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Groomin questions

post #1 of 8
Thread Starter 
I adopted a stray cat. I've been told it's a ragdoll. He was heavily matted & 1/2 of his body was covered with clumps of burs. The vet says he is about 2-3yrs old. I took him to a groomer. What a terrible experience. He fought bathing, shaving the clumps & nail clipping. He was only mildly aggressive when she combed him. I have only had him since Thanksgiving so I'm still trying to build trust. If I try to brush him he gets nervous & then starts to growl. If I try to comb his tail & back leg areas he fights. Then he acts like he doesn't trust me again. I've always had cats but never one that needed so much brushing. I'm trying to build trust but how can I when it's so important to groom him?
post #2 of 8
I haven't used this technique on cats, but it works wonders on dogs.

I take a tube of something non-toxic and unflavored like paper glue, food coloring, lip gloss or something similar and cut the bottom out. Empty the contents of the tube and wash it out thoroughly. Boil a couple chicken livers and mash them into a paste when they are cooked using hot water. Stuff the tube with paste and seal the bottom with a toothpaste squeezer. Once the dog realizes what's in the tube he will lick and lick as I slowly squeeze the contents out. During that time, nothing can distract him from the tube, so I can do all the poking and prodding I need.

I'm not sure that would work on cats, but knowing my kitty's love for chicken liver, I imagine it would.
post #3 of 8
Thats a brilltiant idea! I'd guess the cat may eventually get annoyed w/ the poking but it will at least reinforce grooming as a good thing.
post #4 of 8
I think I'd do a "parts" routine. Do no more then 5 mins of grooming to start. YOU stop when the 5 mins is up - use a timer.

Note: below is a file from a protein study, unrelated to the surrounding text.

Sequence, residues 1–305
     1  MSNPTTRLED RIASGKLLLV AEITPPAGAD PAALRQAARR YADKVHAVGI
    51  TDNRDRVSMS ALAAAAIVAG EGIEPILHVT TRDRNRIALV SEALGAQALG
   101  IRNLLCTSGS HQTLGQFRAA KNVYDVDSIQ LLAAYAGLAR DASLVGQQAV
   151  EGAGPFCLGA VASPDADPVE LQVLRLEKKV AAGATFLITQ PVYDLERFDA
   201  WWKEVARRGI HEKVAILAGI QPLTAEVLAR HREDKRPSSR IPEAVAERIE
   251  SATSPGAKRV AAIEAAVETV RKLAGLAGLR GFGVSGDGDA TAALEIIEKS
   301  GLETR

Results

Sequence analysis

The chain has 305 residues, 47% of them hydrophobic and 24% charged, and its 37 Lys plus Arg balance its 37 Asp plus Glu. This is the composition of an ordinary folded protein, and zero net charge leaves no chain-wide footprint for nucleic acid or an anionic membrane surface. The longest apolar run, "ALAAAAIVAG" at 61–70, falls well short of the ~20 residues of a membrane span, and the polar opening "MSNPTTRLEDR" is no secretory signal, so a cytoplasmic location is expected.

Start with the head/neck and do that while talking nicely and giving treats. Then the next day, do another part of the body. Do not groom any other part for the 5 mins.

Hopefully over a few days or a week he will be more tolerate of grooming all over. Tell him how wonderful he is, how pretty he is, etc. and praise him with soft talking. You may also play some soft music in the background on your grooming area.
post #5 of 8
He may be struggling because he was in pain before from all the burrs and mats. Now when you comb him, he associates that with discomfort he had when they were trying to clean him up. Hopefully he will get better with time and trust. You're right... it will take a while for him to trust you. And it takes some longer then others. Thanks for caring for this kitty!
post #6 of 8
Thread Starter 
Thank you for all of your suggestions. Even if he is screaming & fighting to get away from me should I continue for 5 minutes ?
post #7 of 8
I wouldn't. That will only teach him that it's a bad thing. Do as much as he'll let you or 5 minutes which ever comes first. Wickett hates having knots groomed or cut out so I'll keep going until his struggling becomes a hazard. As in, he's struggling so much that I risk cutting him or ripping out fur.
post #8 of 8
Doesn't have to be a whole 5 mins, but you DON'T want them to learn that if they make the least complaint or try to stop you they can do it - you'd never get grooming done.

Just be gentle and firm; talk softly, play soft music, and do a little at a time. Have treats on hand and when he's not complaining, then give him a nibble.

You should be able to groom one part at a time before complaining too much. Take it slow. But also don't let him decide when to quit. If you start at the head/neck you can work down the entire body. He should not have objections to having his head and neck groomed at first. Save the legs/belly for the last.
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